Showing posts with label Legal. Show all posts
Showing posts with label Legal. Show all posts

Saturday, January 2, 2016

Making a Murderer

If you like yelling at your TV, then Making a Murderer on Netflix is for you. There are very few reasons that I want to stay up past 11:00 PM. My wife and I stayed up until 2:00 AM to finish the series.

I'm sure we aren't getting all of the story, but the police, lawyers, and even the judges seem completely biased against Steven Avery and his nephew. Not just biased, but actively working to make sure those two are found guilty. That's a lot different then working to solve the crime and see justice done.

Tuesday, December 9, 2014

Cisco v. Arista

Cisco's statement:
In the thirteen years I’ve been General Counsel of Cisco, I can count on one hand the number of times we’ve initiated suit against a competitor, supplier or customer. 
It’s therefore only after thoughtful and serious consideration that we are today filing two lawsuits to stop Arista’s repeated and pervasive copying of key inventions in Cisco products. These suits cover key Cisco proprietary patented features and Cisco’s copyrighted materials.
Arista's response:
"The networking industry is in the midst of a revitalization as the value shifts from boxes to cloud networking software (a shift which is causing apparent consternation at Cisco). Arista is winning the software battle in the cloud, so Cisco has chosen to do what others did to it previously and is attempting to use the legal system to cover for its lack of innovation in software 
I was the General Counsel at Cisco in the 1990’s when it was being attacked in much the same way as Arista is today. Cisco faced this same challenge from the legacy vendors in the 1990’s, and the legacy vendors also wrongly used litigation to slow down innovation. I agreed with Mr. Chambers quote then and I agree with it even more now. “Symbolically it’s huge,” Mr. Chambers said of the suit. “It shows that some companies don’t have a way to compete in this new market.”"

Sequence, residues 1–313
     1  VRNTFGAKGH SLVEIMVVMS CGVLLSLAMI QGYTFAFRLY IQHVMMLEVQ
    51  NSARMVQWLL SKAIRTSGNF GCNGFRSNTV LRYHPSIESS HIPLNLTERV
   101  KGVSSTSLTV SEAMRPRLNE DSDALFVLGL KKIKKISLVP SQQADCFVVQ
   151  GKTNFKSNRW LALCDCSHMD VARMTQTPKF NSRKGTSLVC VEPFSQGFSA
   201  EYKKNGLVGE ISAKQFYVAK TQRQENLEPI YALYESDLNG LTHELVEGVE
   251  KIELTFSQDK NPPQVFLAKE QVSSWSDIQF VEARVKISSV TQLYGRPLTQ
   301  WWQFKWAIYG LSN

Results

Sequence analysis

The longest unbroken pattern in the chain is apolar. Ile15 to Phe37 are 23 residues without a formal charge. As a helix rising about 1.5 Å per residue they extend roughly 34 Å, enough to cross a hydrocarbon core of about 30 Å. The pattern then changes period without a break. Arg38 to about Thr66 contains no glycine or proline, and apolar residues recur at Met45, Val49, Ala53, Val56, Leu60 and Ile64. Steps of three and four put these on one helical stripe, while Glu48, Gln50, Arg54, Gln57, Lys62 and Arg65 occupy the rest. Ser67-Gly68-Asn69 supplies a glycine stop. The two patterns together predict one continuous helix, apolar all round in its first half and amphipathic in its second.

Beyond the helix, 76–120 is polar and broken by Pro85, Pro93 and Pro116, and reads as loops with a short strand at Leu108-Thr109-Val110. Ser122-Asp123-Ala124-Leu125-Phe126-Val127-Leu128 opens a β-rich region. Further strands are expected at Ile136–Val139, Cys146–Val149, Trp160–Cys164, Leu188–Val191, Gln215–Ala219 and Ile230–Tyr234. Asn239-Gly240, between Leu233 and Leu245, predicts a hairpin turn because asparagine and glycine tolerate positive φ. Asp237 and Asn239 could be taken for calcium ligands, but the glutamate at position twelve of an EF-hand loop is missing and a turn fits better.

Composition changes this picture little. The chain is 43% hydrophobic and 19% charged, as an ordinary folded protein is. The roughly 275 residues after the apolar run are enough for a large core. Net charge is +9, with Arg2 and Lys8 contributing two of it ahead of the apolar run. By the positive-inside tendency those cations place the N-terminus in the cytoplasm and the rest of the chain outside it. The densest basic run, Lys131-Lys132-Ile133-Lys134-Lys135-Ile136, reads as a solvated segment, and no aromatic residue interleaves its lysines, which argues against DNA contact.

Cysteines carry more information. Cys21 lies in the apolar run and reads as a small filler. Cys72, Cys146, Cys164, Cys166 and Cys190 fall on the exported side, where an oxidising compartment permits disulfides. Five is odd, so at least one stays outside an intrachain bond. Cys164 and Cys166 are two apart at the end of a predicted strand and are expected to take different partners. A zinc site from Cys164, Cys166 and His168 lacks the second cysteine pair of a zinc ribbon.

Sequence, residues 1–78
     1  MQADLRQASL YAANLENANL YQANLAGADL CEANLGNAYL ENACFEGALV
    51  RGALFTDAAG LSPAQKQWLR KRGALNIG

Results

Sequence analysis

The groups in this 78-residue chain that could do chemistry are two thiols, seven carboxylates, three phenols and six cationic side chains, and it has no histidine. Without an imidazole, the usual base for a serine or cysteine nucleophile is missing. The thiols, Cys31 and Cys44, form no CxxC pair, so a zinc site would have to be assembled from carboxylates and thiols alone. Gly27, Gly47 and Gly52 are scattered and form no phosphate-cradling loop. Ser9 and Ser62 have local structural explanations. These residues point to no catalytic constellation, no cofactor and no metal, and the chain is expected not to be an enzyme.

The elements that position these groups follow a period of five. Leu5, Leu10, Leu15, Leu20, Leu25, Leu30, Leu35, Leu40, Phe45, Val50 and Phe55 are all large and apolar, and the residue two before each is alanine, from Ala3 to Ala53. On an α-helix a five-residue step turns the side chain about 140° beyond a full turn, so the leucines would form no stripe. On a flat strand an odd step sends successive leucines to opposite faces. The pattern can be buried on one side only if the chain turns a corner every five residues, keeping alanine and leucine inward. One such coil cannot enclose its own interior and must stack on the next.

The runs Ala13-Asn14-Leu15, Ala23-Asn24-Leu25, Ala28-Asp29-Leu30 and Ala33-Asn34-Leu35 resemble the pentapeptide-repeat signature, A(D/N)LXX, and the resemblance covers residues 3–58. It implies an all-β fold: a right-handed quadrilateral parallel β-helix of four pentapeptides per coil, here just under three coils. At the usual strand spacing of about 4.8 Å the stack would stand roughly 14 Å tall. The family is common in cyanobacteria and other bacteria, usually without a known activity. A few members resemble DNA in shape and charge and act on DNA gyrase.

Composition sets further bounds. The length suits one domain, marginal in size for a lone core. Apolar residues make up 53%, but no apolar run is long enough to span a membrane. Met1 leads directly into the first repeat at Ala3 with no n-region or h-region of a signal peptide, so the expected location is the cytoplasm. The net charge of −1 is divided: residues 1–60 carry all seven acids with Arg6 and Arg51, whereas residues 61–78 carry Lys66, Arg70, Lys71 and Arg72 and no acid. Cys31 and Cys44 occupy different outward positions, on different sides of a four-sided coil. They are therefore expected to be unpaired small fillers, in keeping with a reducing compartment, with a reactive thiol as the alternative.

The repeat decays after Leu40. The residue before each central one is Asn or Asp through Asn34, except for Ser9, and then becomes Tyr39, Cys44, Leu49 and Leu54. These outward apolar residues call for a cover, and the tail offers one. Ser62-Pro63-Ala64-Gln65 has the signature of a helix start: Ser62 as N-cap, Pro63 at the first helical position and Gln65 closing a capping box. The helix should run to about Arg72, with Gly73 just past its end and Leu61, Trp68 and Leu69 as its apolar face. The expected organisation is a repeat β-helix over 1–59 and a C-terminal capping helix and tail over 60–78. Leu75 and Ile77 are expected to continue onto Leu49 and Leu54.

Wednesday, September 5, 2012

Rules and Labels

"I purchased a 3600 mAhr battery from a Chinese vendor.
Got an interesting note from them.
It said that due to fire hazard, the China Post was no longer accepting high
capacity Li-Ion batteries for air shipment.
So the note continued... when you receive the battery from China Post via air,
please remove the sticker from the battery that says "Ni-Mh Battery" that covers
the originial "Li-Ion" battery information.
Well, that's ONE way to handle it."
If only all hardware changes were as easy as removing a label.

Saturday, December 3, 2011

Anti-piracy Ad uses Priated Music

jjaron Remember those annoying "You wouldn't steal a car" anti-piracy ads? They pirated the music, Dec 02 05:49:38 from TweetDeck
retweeted by arrington

Saturday, September 3, 2011


So a thunderstorm is within 10 miles of Neyland Stadium. They have shut the gates and told us that we cannot leave. I'm not sure if this is legal. I don't want to leave, but I am curious what rules apply.

Monday, August 22, 2011


WizardPC is on a roll at his new blog - Guns, Cars, and Tech. While covering some familiar territory, he hits on a key point:
"I’ve had business owners tell me that posting reduces their liability. It doesn’t:

(d) Nothing in this section shall be construed to alter,reduce or eliminate any civil or criminal liability that a property owner or manager may have for injuries arising on their property."
So let's play a little logic game.

Why do businesses exist? To ensure our safety? No. To make money.

To make money, businesses cannot lose money. So, to protect themselves from lawsuits, they post signs prohibiting guns on the premises.

Except Section D above says they don't get any protection from doing that.

Therefore, if they post a sign, they don't mitigate the risk from lawsuits AND they alienate gun owning customers, therefore reducing their profit.

So it is only logical that business should not post signs prohibiting guns.

And I would like to add that...

Guns don't kill people. People kill people.
And signs don't save people. People save people.

Two Men Enter...

One company leaves Quake 3 Arena with trademark rights! I love it. Bloodless and cheaper than a lawsuit!


Wednesday, April 20, 2011

Towel Boy

If you read this post, you agree to be my towel boy. I'm sure this is legally binding unlike the confidentiality notices that are appended to e-mails.

Friday, February 25, 2011

Software Agreements

I feel like this sometimes, too. I especially hate dealing with the giant companies like Oracle. You can play by their rules or go home.